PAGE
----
St. Justin Martyr

Two Errors about the ‘Spiritual’

Too often when one hears talk about the spiritual world (or the world of spirits), two simple but insidious errors slip into our imagination. If they take hold, they keep us light-years from ever getting an even approximate idea of what we are talking about. Our world of matter in all its forms – gross and subtle – contains much that is heavy, opaque and cold. Although there is plenty of light and energy darting about, when we think of matter, we tend to point to a brick, or a handful of dirt, or a mountain. So when we fashion ourselves a picture of the immaterial world, we understandably (and not incorrectly) suppose it to be light, translucent and, in some sense, diaphanous. No problem with this, as long as we acknowledge the metaphorical nature of these terms. But we begin to get it all wrong when we presume that the spiritual world is therefore evanescent, rarefied, less than substantial, and – above all – homogeneous and radically simple. The truth of the matter is: it is not.

When we think ‘light’, we are liable to also think gaseous, diffuse, gossamery, misty – none of which even remotely applies to spiritual realities. All that we see and touch in the material world, which seems to be so robustly real, dense and present, is in fact but a remote, material instance of an idea, an archetype, a spiritual – indeed intellectual – anticipation in the mind of God, and one which pre-exists before (and even during and after!) its brief epiphany here below. It is far more robustly real, dense and present in its transcendent and original matrix than any of the objects and phenomena currently occurring in the physical cosmos – “just passing through,” as it were.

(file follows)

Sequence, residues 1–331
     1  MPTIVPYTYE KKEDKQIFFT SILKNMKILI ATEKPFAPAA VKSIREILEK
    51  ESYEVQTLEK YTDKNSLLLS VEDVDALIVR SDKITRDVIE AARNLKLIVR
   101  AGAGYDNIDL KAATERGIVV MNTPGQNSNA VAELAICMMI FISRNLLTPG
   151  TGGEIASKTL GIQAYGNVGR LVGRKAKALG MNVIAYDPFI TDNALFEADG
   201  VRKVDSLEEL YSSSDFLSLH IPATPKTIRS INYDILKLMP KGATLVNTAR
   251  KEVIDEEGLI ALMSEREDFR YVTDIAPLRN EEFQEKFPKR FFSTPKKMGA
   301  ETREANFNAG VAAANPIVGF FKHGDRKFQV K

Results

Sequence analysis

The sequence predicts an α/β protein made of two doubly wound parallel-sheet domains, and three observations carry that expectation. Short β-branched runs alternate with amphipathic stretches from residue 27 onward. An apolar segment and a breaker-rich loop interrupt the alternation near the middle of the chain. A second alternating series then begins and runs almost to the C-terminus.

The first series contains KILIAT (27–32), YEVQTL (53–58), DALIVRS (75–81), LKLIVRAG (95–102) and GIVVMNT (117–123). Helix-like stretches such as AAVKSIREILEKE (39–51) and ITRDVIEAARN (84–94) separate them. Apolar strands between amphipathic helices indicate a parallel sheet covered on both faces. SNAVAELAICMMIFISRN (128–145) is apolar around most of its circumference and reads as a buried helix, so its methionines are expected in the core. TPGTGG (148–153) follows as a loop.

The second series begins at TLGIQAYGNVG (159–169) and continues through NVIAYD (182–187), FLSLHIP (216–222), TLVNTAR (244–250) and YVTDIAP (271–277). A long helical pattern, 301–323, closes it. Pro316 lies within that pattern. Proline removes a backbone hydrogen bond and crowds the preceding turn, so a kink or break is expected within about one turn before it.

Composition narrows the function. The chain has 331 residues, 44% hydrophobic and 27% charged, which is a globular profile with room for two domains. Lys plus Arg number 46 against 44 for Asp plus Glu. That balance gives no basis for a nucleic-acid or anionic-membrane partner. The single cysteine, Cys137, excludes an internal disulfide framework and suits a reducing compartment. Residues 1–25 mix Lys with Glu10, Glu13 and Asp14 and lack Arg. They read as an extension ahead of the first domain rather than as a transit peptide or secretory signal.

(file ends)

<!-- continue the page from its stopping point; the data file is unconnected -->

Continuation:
Now, after showing my Platonic cards, let me deal my Aristotelian hand. The physical things around us – and we ourselves are among them – bear more than just passing reflections of those archetypes. The Platonic Forms in the mind of God are potent indeed, and when the Biblical truth about creation is fully factored in, the substances and accidents in the world take on a solidity and meaning beyond what an all-too-otherworldly version of Platonism would allow. That is why Christian theology, after a prolonged honeymoon with Plato, finally mated its deepest incarnational truths to empirical Aristotle. In the end, these two luminaries – Plato and Aristotle – both have unmistakable positions of prominence in the Christian firmament. Attempts to diminish either of them inevitably ends up darkening the stained glass windows of revealed truth.